The Samoans ended up building huge fortified villages and large temples for their deities as the local leader was capable of feeding a huge number of workers for lengthy periods of time due to the huge surplus in food production. The Tongans were largely left to producing the bare minimum required and became adept at fighting wars.
Samoa and Tonga were the Western Polynesian islands from where the culture spread further to the east to the likes of Tahiti and Hawaii.
I didn't feel much elated about the Tahitians and Hawaiians as they seemed to build quite a good centralized society banking on good fertile lands, building large temples and fighting brutal wars for resources and politics. Every day civilization for you.. But of course the big islands had their own share of old stories of settlement, death and wars by which the dominant settlement was achieved.
The story of the Easter Islands is a complete different thing of its own. It has always been mired in controversy over the Moai statues. The wild theories themselves are so much fun to read. But the author here being a professional, quickly dismissed all of them and got to the business of using stratigraphic data to established the mode of settlement and probable ages. He quickly explains that unlike the other islands to its west, this eastern island was settled directly by the inhabitants of Marquesas Islands. Also, due to the lack of any proper vegetation and the islands being largely volcanic in nature, the unique statues and other petroglyphs paint a completely different landscape.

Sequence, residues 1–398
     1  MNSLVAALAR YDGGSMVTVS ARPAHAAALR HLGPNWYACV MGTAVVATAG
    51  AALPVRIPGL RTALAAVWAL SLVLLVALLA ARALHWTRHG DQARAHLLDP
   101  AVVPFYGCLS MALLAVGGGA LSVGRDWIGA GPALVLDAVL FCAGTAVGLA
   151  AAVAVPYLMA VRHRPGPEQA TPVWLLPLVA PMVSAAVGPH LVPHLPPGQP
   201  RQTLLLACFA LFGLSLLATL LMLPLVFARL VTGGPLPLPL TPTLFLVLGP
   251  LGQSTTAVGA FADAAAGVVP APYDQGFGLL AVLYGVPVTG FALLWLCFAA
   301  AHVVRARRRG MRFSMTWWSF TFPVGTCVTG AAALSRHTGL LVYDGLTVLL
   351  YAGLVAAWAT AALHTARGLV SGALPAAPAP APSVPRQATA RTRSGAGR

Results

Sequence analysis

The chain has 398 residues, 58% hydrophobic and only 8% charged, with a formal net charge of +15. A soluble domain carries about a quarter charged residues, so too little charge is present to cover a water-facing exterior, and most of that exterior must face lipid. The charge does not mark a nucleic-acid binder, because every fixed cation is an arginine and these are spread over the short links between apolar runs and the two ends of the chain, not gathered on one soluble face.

Then came the very interesting myths of the Moa birds and the Maori on the New Zealand, and their valour against the British colonizers. It all provided me lots of interesting topics to look out for further reading.
The varied stories of the Polynesians keeps telling us that the same set of people from the same areas or sometimes from the same family, end up in so many different ways, shaped by their land and their times. The arrival of the Europeans which we all consider as a major interruption in all such cultures wouldn't be the first, as they went through the cycle of discovering new lands, and often leaving old ones behind. But then they are not comparable as the former was more permanent, directed and intelligent erasure of roots. The journeying and discoveries only lead to expansion of culture in comparison. Needless to say, the arrival and settlement of the Europeans, often for the purpose of whaling, trading and general missionary purposes simply decimated the population with communicable diseases and forced eradication of culture.
I am not really exposed to any current day political elements or sentiments of the Polynesians. But seeing that some islands are still under the control of the British or the French, I can't stop wondering how hot things are in the idyllic vacation islands of the world.